Saturday, August 25, 2012

So many churches, so little time

Church overlooking Lake Sevan
Armenia reminds me of Israel--as I imagine it.  While Azerbaijan is technically richer, their oil wealth hasn't trickled down very far yet, and they seem more intent on imitating Dubai--huge hotels, gleaming plazas, vast boulevards--than catering to tourists.  And Georgia is too poor, and too broken from war, to engage in any grand plans.  But Armenia seems almost quivering with anticipation not simply to welcome tourists, but to make sure they see the whole picture, and the correct picture.  After a big, tired tour bus in Azerbaijan, and a new but spartan minibus in Georgia, our Armenian guide pulled up in a sparkling new Mercedes van kitted out to within an inch of its life with raised roof, fold-down video screens, wireless PA, even a custom-fitted pen that matched the wood finish of the dashboard.  When it broke down a few miles away from the border pickup, another one was dispatched straight from Yerevan to meet us within a couple hours (while we shared a gleaming full-size bus with a group of Spaniards).

Photos of survivors, Genocide Museum
Much of Armenia's wealth comes from diaspora remissions (like Israel).  And a fair amount of it gets spent reconstructing churches destroyed by Turks or Soviets, or erecting museums about the genocide and other cultural cornerstones.  And many of those American, French, and other ex-pats return to Armenia for vacation, bringing with them high expectations for luxurious hotels, bilingual guides, and so on.  Simply put, tourism works in Armenia, to Western standards, in a way it doesn't in Georgia or Azerbaijan.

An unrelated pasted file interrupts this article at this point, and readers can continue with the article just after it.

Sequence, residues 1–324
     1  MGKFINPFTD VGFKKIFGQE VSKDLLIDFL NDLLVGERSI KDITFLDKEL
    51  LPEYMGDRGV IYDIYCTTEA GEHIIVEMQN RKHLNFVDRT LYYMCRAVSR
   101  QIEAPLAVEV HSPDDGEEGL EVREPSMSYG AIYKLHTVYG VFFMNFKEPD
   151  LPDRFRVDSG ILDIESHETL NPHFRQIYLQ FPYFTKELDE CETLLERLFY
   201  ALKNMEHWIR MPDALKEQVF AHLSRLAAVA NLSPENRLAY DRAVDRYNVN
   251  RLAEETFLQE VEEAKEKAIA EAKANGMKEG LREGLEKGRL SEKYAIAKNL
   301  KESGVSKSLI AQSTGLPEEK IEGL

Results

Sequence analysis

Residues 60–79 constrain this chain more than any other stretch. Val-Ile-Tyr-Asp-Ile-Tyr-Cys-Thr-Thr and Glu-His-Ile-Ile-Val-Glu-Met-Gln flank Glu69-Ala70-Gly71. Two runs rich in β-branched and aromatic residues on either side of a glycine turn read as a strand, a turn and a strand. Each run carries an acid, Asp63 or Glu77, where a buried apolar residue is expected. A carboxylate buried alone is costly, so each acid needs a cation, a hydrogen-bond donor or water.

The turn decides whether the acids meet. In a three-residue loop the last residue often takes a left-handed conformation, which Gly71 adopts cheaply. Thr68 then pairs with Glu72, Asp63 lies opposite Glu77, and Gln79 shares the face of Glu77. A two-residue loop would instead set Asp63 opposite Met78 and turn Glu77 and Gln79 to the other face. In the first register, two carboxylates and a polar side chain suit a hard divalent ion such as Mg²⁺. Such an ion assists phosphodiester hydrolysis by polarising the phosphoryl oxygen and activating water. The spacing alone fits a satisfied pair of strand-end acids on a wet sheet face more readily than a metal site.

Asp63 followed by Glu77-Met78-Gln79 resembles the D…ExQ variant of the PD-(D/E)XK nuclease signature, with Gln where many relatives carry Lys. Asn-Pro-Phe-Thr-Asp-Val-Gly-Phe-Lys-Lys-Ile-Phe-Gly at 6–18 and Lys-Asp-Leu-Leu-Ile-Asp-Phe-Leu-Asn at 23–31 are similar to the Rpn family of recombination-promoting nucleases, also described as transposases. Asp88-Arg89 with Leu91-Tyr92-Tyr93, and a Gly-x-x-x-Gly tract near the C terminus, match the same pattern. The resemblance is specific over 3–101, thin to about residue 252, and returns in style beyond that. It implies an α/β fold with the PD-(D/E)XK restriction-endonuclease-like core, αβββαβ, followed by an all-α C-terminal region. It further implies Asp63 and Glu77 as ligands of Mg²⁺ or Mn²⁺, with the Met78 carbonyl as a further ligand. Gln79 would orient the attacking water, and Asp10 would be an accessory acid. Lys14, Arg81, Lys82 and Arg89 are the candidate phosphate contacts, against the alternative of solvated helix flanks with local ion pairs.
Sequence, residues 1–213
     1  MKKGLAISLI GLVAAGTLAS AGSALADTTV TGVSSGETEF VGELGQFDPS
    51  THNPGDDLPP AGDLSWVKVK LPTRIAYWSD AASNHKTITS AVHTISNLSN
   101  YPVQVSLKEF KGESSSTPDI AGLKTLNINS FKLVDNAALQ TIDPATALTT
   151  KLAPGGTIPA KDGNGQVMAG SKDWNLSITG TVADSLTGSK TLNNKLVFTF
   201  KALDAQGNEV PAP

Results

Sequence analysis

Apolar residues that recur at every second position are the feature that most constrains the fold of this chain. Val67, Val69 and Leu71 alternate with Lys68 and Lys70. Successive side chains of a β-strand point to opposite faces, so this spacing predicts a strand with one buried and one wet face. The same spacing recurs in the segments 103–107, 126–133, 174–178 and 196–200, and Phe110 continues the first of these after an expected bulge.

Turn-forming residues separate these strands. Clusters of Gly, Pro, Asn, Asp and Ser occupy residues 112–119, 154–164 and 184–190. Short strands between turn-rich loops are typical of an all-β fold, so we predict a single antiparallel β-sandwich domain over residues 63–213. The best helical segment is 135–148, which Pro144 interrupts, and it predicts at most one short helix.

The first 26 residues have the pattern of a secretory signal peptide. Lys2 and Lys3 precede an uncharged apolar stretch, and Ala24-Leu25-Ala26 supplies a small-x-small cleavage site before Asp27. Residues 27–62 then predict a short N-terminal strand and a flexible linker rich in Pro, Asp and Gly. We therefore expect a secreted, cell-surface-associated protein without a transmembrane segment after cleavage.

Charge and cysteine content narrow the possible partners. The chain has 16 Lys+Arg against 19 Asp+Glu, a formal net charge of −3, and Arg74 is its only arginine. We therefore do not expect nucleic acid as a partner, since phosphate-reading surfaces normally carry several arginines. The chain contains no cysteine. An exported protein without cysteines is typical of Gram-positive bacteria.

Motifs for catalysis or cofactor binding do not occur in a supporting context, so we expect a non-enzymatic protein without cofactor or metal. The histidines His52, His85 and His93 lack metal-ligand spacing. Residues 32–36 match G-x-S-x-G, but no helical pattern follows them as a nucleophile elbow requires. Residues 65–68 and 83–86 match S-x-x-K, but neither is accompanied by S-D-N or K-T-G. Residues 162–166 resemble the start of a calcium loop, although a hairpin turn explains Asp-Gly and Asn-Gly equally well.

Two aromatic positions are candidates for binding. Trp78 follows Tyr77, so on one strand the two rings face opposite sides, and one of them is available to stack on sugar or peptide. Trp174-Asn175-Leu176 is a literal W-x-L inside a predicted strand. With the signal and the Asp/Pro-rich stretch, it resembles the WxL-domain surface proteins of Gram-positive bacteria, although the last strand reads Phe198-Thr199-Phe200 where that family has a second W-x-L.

Our guide, David, was the picture of attentiveness, asking if we'd like to hear Armenian music on the bus, pushing wait staff to bring our food more quickly, and manipulating the itinerary down to the minute to squeeze in every possible site and preference.  This was especially lucky given that the tour only allowed three days in Armenia.  It's a small country, but there's a lot to see.

Better than stained glass?

As in Georgia, churches were a big focus.  Though a bit less ancient--and in many cases reconstructed--they're much plainer here, stripped of iconostasis or most any other decoration on the inside.  Outside, though, there's a tradition of carving crosses and lettering into the stone: while not quite as flowery as Georgian script, Armenian letters are very picturesque.  There's also a tradition of kachkars, granite blocks carved into ornate crosses trussed up with remarkably Celtic-looking ornamentation and writing. 
Pair of kachkars
Supposedly many of these were destroyed in the various invasions and purges to which Armenia has fallen victim.  We were able to see one vast cemetery of them, as well as many scattered examples in various churchyards. 

Armenian scripture or Elvin runes?

Pedestrian mall, Yerevan